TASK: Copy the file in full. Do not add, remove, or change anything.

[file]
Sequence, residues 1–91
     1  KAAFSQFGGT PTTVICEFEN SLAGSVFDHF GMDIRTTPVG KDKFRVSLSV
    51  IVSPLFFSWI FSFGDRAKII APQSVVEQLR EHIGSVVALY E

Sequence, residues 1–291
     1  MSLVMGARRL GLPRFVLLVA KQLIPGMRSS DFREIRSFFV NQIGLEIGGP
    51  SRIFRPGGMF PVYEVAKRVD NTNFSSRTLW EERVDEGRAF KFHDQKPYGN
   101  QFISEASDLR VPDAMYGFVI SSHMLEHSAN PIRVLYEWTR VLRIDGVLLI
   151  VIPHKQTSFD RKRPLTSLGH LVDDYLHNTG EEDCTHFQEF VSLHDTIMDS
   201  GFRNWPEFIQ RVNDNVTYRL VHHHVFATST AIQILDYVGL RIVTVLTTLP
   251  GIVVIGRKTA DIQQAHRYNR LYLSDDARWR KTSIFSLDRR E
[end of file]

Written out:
Sequence, residues 1–91
     1  KAAFSQFGGT PTTVICEFEN SLAGSVFDHF GMDIRTTPVG KDKFRVSLSV
    51  IVSPLFFSWI FSFGDRAKII APQSVVEQLR EHIGSVVALY E

Sequence, residues 1–291
     1  MSLVMGARRL GLPRFVLLVA KQLIPGMRSS DFREIRSFFV NQIGLEIGGP
    51  SRIFRPGGMF PVYEVAKRVD NTNFSSRTLW EERVDEGRAF KFHDQKPYGN
   101  QFISEASDLR VPDAMYGFVI SSHMLEHSAN PIRVLYEWTR VLRIDGVLLI
   151  VIPHKQTSFD RKRPLTSLGH LVDDYLHNTG EEDCTHFQEF VSLHDTIMDS
   201  GFRNWPEFIQ RVNDNVTYRL VHHHVFATST AIQILDYVGL RIVTVLTTLP
   251  GIVVIGRKTA DIQQAHRYNR LYLSDDARWR KTSIFSLDRR E